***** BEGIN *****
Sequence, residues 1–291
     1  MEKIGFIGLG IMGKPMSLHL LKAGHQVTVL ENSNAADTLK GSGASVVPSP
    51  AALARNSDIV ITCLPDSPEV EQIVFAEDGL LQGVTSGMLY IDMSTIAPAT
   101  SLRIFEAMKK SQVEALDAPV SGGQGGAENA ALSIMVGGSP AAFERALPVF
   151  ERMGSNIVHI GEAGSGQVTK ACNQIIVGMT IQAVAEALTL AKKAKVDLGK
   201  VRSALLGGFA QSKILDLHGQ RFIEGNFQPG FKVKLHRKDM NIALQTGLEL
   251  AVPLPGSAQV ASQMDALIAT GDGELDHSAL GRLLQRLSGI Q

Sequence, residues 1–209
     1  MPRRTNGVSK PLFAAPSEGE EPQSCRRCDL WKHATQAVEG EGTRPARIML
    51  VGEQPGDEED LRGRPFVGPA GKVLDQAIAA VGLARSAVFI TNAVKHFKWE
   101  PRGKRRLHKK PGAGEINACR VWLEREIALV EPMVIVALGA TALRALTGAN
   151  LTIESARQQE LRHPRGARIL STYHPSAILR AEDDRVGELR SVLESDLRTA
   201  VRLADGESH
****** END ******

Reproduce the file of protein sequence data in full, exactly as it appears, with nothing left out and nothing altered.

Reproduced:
Sequence, residues 1–291
     1  MEKIGFIGLG IMGKPMSLHL LKAGHQVTVL ENSNAADTLK GSGASVVPSP
    51  AALARNSDIV ITCLPDSPEV EQIVFAEDGL LQGVTSGMLY IDMSTIAPAT
   101  SLRIFEAMKK SQVEALDAPV SGGQGGAENA ALSIMVGGSP AAFERALPVF
   151  ERMGSNIVHI GEAGSGQVTK ACNQIIVGMT IQAVAEALTL AKKAKVDLGK
   201  VRSALLGGFA QSKILDLHGQ RFIEGNFQPG FKVKLHRKDM NIALQTGLEL
   251  AVPLPGSAQV ASQMDALIAT GDGELDHSAL GRLLQRLSGI Q

Sequence, residues 1–209
     1  MPRRTNGVSK PLFAAPSEGE EPQSCRRCDL WKHATQAVEG EGTRPARIML
    51  VGEQPGDEED LRGRPFVGPA GKVLDQAIAA VGLARSAVFI TNAVKHFKWE
   101  PRGKRRLHKK PGAGEINACR VWLEREIALV EPMVIVALGA TALRALTGAN
   151  LTIESARQQE LRHPRGARIL STYHPSAILR AEDDRVGELR SVLESDLRTA
   201  VRLADGESH